Saturday, December 8, 2012

Fighting off your demons by being active by @RMHigh7008

Fighting off your demons by being active

I came across an interesting story that’s worth a look, especially if you’re the type that is battling unhealthy patterns in your own life.

The story opens with the tale of Mishka Shubaly, a writer, author, musician and an admitted recovering alcoholic. He took up running and found it to be an excellent substitute for drinking. He’s now an ultra runner and is clean and sober.

It’s a great personal story, but the piece I was reading goes on. It talks about laboratory tests on rats which showed animals exposed to addictive narcotics and other drugs were less likely to consume the drugs when they had access to an exercise wheel.

Exercise, it would seem, can be an excellent way to fight addictive urges.

I’ve never had an addiction to alcohol or drugs, but I can attest to the cathartic and even healing properties of exercise. Physically, the endorphins are just good for the mind and soul. And that’s on top of the physical benefits.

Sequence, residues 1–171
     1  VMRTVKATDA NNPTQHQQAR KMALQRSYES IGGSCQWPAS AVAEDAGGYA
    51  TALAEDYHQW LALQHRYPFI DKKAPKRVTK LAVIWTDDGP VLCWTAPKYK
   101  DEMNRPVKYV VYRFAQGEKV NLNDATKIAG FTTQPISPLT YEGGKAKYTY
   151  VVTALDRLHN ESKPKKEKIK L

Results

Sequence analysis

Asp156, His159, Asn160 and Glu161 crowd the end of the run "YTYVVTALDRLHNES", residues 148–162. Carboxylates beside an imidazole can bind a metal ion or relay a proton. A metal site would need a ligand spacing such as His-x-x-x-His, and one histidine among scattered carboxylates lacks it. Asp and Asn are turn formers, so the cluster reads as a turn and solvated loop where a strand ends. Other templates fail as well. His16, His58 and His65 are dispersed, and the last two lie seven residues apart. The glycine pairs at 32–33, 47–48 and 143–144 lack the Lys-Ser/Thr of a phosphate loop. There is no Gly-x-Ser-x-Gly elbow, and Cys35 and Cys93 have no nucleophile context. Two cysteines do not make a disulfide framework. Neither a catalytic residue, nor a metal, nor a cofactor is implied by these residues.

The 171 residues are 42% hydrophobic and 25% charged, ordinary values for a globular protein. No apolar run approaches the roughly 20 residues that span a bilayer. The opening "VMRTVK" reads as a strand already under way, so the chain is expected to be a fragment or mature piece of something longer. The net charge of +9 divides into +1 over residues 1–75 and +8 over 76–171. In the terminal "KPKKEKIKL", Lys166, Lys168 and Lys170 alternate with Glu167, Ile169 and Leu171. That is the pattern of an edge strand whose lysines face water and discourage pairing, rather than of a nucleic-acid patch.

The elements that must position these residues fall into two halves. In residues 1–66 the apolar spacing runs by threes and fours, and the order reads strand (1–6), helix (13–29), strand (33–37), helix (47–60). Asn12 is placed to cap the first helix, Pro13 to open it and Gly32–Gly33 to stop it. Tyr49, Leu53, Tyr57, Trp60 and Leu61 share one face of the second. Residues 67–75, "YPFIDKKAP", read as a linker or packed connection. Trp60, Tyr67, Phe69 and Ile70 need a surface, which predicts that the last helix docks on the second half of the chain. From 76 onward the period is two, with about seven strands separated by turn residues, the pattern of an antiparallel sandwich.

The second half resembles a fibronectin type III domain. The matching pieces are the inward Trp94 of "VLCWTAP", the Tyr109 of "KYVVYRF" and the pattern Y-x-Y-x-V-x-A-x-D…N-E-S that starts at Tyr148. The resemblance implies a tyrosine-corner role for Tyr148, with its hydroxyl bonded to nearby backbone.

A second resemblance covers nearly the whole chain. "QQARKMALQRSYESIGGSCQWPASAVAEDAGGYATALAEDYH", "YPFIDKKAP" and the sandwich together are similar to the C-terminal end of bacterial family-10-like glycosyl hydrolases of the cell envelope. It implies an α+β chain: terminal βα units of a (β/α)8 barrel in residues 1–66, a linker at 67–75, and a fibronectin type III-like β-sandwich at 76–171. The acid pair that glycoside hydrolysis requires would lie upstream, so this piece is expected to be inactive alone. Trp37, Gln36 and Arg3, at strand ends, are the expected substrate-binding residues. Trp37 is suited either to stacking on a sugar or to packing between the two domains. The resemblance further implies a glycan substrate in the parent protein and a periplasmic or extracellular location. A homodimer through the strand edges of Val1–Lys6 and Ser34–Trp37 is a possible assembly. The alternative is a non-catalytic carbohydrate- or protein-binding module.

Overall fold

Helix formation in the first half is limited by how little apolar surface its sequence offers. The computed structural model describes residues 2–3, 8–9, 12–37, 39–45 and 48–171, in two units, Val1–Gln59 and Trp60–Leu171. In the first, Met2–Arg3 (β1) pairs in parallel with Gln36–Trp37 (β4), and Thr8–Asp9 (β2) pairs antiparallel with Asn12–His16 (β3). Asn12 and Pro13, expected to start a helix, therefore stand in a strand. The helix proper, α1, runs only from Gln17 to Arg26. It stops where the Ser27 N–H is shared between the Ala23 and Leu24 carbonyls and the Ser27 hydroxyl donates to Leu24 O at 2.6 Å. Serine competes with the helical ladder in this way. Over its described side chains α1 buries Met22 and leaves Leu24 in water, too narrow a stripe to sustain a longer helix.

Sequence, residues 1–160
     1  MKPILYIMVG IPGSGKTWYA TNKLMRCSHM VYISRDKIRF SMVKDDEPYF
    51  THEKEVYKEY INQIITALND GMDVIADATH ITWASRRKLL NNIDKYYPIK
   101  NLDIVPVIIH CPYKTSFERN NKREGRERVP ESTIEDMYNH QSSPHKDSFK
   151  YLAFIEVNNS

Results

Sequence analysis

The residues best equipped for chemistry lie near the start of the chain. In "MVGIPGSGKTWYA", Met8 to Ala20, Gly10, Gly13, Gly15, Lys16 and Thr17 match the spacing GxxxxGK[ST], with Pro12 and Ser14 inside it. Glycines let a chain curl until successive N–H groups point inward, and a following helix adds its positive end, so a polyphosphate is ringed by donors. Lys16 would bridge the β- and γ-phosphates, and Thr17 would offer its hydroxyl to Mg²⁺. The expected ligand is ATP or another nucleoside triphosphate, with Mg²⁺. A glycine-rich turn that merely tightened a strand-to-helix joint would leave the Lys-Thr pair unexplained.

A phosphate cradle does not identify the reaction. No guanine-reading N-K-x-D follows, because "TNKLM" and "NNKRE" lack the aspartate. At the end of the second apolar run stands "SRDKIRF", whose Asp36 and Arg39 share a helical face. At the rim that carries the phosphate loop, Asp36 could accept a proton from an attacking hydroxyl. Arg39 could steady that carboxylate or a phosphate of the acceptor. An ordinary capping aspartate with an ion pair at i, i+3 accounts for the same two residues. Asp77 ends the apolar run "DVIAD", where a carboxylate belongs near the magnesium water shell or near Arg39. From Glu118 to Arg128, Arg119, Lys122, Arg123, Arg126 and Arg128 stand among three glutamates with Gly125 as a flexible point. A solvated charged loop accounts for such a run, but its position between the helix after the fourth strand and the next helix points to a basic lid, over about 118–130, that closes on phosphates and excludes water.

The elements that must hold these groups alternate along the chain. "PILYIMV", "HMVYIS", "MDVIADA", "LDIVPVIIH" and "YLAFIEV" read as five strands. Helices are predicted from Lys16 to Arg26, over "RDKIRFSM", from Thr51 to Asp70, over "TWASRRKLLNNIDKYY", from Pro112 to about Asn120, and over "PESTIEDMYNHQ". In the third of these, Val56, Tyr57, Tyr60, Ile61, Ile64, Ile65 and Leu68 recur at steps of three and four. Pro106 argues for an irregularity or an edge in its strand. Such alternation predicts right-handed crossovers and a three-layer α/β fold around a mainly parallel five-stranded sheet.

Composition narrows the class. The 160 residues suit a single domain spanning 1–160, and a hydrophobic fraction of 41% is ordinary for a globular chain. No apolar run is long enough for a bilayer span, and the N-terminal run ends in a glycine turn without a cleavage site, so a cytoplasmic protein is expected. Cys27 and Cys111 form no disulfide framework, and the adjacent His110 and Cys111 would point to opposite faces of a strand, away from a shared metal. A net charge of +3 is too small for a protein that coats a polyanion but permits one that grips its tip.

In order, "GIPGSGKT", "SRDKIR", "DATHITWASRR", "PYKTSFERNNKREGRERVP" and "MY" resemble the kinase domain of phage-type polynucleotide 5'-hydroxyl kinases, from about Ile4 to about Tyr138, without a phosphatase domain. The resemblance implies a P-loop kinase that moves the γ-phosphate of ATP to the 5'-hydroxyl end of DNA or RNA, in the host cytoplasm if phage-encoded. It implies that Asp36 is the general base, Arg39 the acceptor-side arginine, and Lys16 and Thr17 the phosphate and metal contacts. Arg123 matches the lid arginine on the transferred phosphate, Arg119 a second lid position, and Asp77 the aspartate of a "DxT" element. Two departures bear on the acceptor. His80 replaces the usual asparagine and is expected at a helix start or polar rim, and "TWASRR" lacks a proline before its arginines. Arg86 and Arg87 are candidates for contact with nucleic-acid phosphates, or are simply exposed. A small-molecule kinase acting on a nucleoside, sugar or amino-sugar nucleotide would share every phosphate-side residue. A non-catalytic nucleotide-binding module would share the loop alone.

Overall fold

Mentally and emotionally, an exercise habit has similar properties. I know a lot of people who seem to be “addicted” to negativity. They focus on their problems. Or politics. Or whatever. They’re not “happy” unless they have somewhere to direct their anger, fear or sorrow.

Last week I was running trails and not feeling particularly strong or ambitious. So I slowed down, stopped and took a look around. High on a hill but still in the woods, I got a good glimpse of some beautiful countryside. I hadn’t really stopped there to look around before, but I’m glad I did. That was time well spent, and a positive mindset ensued.

Contrast that to the person who is reading about the latest political conspiracy, dire prediction or other piece of bad news on the Internet. Or the person compelled to slam down another shot or take another hit.

Addictions don’t all have to be about substances. But escaping them can, at least in part, be found in being active.

I’m curious to see how these studies evolve. And if we’ll see more stories similar to that of Mishka Shubaly.

Bob Doucette

On Twitter @RMHigh7088

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